After watching La La Land at the Brooklyn Academy of Music’s Rose Cinema, my spouse and I chatted about what might have made that film an award contender. The idea of someone fulfilling their dream in a style that might not have been in their original vision can be rewarding. Maintaining the discipline that brings joy to the private self is also something I find satisfying. We spoke about going along willingly with the transformations that come along with being artists while also being loving to our original ideas about ourselves.
In my early twenties, a friend asked me what personal goals I had. I told them that I wanted to write children’s books. One day. I was deep in caring for my own little ones, maintaining a traditional relationship, and working as a bedside nurse. That last one left me exhausted. Having the responsibility of forty two patients on a surgical unit while supervising two nurses aides didn’t leave me much time for writing, much less thinking about writing.
Many years later, I’m a writer. My life has changed in ways that I could never have predicted. While there are still often engulfing responsibilities, such as my Dad’s care, I’m cognizant of developing my creative self. I write novel and poems. I also love writing plays. My first novel, Covering the Sun with My Hand, inspired me to re-write it in play form with several twists. The play version takes more risks, is funnier, and as plays demand, brings forth the strength and richness of certain characters that want to take the stage. Next steps in staging the play are on my agenda and I’m excited about moving forward.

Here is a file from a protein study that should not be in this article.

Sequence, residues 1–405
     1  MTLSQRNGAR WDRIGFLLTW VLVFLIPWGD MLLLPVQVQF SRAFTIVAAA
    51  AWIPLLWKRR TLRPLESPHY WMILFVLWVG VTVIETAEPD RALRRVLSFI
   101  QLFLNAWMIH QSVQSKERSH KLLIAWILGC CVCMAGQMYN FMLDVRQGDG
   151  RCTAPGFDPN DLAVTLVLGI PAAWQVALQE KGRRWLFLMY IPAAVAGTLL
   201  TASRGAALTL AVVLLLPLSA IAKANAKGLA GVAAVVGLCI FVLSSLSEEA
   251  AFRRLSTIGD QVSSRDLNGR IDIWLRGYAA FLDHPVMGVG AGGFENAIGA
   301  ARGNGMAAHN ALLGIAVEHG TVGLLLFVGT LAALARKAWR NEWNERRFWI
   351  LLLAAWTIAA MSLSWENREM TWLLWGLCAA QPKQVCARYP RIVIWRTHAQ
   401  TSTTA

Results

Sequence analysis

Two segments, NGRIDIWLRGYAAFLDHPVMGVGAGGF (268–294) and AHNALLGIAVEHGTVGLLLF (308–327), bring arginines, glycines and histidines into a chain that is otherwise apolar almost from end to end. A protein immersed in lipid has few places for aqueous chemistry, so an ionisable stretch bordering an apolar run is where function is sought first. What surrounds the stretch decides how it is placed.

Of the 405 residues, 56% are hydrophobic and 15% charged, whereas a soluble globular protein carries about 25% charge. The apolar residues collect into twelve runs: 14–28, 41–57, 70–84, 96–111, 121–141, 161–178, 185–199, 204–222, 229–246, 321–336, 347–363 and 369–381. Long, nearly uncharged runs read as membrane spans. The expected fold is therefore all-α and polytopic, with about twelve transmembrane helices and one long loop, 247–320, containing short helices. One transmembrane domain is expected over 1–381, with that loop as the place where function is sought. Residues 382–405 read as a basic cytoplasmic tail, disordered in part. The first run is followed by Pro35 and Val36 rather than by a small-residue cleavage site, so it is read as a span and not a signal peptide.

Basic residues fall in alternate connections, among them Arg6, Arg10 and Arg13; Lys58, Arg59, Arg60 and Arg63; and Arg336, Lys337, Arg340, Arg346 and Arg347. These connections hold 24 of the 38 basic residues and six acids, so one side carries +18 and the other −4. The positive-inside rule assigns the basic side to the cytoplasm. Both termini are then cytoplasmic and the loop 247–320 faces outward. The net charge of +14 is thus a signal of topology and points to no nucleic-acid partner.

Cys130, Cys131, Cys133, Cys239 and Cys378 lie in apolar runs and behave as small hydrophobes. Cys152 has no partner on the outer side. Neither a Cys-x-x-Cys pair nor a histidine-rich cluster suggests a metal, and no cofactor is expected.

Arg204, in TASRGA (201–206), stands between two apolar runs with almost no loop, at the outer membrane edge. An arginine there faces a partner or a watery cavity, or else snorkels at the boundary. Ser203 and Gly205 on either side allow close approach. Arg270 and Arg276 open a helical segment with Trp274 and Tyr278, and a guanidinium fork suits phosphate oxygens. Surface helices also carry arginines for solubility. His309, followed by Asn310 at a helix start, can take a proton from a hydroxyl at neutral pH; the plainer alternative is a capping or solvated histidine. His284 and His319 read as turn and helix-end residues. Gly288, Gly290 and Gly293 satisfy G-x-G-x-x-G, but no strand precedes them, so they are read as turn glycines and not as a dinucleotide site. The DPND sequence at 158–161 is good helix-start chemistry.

This week, I’ll be returning to my playwriting course. I have already started my second play. It’s in baby form. I look forward to sitting with my mentors, Mario Golden and Andreas Robertz, and the other group members at the Allen Davis Playwriting Lab. They are encouraging, hold me honest, and demand that I am rigorous in bringing a piece to fruition. In my earlier life, I never thought about playwriting. Plays were something other people did. I grew up going to Broadways shows and plays because my mother loved them and treated us to many matinees. Not many kids in my neighborhood attended plays and I have her to thank for exposing me to this aspect of life.
Plays and playwriting have become my guilty pleasures. They weren’t part of my game plan when I thought about writing but have emerged as essential to my writing self. Having the ability to merge the joys of my private self with my public writing transformations is a gift.